Yeeyon Im, "The Lure of Intercultural Shakespeare"
Shakespeare is unarguably a most active
participant in the so-called intercultural theatre, but has attracted little
attention from intercultural theorists and critics. This essay locates
Shakespeare within intercultural debates, the two most significant issues of
which are cultural equality and authenticity. In most intercultural Shakespeare
productions, non-Western cultural elements are no more than scenographic
embellishments to the framework of Shakespearean plot, character and theme.
Despite the increasing emphasis on performance in contemporary theatre, the
continuing hegemony of verbal signs over performing signs makes an
“intercultural” Shakespeare theatre of this kind mainly a Shakespearean event.
While deconstructionist and indigenized Shakespeare productions deliver cultural
equality, they lose claims for Shakespearean authenticity. Intercultural
Shakespeare turns out to be a paradox.
Despite such dilemmas,
productions dubbed as intercultural Shakespeare abound. The way to the universal
Bard was paved through the long stage history that approved any theatrical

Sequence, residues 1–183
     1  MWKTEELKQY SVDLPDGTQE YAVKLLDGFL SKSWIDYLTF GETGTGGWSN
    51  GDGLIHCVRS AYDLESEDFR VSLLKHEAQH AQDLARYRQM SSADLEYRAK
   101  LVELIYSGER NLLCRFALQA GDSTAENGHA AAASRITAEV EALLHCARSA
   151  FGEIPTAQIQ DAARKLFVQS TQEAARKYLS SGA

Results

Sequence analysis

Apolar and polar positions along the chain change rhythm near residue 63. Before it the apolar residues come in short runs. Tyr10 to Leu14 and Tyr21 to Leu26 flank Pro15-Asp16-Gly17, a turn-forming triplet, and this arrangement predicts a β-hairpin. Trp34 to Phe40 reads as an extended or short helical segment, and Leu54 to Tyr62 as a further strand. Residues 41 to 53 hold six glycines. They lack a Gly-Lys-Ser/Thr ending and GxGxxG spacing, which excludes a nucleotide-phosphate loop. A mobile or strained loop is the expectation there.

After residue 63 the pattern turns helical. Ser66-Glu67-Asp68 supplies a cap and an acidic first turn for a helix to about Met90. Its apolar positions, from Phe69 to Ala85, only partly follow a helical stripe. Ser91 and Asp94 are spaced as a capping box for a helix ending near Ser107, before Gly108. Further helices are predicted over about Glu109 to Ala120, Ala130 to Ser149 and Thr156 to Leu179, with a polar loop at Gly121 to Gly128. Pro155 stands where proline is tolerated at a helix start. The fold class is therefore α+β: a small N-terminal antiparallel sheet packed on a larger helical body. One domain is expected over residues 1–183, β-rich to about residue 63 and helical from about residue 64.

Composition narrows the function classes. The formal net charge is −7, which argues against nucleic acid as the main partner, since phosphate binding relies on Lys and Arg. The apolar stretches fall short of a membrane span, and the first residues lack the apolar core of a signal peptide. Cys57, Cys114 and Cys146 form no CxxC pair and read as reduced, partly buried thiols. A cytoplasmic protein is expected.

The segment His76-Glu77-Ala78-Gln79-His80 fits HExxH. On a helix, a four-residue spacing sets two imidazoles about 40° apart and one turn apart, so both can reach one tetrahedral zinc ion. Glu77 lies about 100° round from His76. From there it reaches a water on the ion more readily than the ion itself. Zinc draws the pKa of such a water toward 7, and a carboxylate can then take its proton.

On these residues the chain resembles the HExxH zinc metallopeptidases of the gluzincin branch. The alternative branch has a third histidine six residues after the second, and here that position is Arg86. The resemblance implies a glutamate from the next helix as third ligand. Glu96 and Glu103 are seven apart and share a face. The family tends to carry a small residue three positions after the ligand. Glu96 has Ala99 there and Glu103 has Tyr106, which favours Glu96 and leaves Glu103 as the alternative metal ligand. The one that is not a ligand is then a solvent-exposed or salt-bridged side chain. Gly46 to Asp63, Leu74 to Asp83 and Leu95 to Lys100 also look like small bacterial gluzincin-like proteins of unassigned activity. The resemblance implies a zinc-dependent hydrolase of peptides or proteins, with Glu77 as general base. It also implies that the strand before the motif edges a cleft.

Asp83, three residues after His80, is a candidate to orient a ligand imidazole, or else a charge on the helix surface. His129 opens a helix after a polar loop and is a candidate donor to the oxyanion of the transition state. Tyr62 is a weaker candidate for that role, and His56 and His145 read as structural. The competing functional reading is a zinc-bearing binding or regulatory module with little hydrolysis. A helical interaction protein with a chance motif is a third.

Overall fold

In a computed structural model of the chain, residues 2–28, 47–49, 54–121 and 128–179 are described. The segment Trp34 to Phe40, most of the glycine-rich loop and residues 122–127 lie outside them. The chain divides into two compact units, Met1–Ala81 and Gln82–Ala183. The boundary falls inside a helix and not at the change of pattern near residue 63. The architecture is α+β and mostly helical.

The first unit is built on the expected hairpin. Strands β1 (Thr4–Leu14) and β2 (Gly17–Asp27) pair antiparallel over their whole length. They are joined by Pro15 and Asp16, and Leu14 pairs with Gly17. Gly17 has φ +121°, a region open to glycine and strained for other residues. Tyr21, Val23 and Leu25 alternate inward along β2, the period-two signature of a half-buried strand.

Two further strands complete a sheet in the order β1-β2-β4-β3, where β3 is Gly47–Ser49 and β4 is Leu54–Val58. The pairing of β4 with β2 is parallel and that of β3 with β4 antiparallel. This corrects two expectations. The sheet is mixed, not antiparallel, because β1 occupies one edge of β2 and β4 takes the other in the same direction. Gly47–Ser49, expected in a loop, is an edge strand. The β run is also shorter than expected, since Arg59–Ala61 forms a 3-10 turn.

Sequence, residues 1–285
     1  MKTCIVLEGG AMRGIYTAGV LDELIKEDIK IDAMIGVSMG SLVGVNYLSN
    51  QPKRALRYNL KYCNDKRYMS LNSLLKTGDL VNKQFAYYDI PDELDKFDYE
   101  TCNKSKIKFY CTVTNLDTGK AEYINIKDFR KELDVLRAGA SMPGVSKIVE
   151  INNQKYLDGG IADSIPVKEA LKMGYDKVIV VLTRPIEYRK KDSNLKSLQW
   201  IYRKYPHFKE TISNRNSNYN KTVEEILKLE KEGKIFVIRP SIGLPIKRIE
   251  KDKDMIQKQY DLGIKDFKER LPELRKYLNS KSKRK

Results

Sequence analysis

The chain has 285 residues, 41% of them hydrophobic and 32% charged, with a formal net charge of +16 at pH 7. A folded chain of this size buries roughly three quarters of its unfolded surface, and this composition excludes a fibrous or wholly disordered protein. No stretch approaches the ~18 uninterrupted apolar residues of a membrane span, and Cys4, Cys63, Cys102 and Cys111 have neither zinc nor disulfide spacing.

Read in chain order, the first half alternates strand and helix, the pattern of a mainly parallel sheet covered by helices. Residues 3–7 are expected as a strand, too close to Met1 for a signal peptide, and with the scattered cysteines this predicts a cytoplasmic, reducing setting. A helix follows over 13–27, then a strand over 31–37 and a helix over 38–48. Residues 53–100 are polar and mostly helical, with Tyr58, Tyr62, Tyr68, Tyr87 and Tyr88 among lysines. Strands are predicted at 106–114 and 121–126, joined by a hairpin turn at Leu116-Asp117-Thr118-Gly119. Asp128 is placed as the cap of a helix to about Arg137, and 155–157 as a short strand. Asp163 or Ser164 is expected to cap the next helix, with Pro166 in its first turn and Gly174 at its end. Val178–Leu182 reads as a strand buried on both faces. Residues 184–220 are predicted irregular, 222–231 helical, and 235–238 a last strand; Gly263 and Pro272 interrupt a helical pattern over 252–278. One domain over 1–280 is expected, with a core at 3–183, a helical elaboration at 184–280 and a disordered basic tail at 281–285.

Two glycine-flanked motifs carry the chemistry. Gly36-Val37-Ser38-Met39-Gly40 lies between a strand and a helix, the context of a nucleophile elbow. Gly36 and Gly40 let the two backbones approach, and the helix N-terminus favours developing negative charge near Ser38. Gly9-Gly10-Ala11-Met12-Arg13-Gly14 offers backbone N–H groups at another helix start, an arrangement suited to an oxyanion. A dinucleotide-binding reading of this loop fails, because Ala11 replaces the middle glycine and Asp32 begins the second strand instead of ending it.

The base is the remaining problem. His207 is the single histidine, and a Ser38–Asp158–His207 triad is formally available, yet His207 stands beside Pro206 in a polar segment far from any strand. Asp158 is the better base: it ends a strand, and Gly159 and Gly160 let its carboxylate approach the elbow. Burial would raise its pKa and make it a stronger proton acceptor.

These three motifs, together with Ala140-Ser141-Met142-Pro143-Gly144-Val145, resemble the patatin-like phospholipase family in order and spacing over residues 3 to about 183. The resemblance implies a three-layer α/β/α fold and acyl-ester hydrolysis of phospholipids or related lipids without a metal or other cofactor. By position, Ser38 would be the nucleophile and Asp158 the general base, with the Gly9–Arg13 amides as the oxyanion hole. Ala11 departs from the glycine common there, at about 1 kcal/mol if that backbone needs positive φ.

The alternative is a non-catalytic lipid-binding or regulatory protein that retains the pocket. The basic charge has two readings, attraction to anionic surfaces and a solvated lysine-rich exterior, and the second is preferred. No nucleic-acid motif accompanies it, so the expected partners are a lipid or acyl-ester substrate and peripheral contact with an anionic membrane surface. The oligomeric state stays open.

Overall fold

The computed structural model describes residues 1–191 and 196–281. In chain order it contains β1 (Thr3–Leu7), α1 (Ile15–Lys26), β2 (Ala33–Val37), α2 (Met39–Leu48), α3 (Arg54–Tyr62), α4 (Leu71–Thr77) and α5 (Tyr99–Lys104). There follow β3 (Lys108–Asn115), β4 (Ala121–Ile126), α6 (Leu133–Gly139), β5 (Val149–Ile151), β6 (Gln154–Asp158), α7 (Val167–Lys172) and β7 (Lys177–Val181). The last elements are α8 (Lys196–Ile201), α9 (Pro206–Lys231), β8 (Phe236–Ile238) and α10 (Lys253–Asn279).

changes as long as Shakespearean “spirit” was retained: a telling example of
Western logocentrism that disregards outward materiality and puts value in ideas
only. Shakespeare, deprived of Elizabethan/Jacobean historicity, operates like a
“universal solvent” in the international theatre circuit under the logic of
global capitalism. The use of the Western canon like Shakespeare adds a tinge of
high art to an intercultural production as well as guarantees easy circulation
in the countries that were and are under Western influence. For such reasons
productions advertize themselves as intercultural and Shakespearean, creating an
illusion of utopian cultural pluralism; a close analysis of intercultural
Shakespeare only exposes the liaison between interculturalism and cultural
Keywords: Shakespeare, interculturalism, theatre, authenticity, globalization,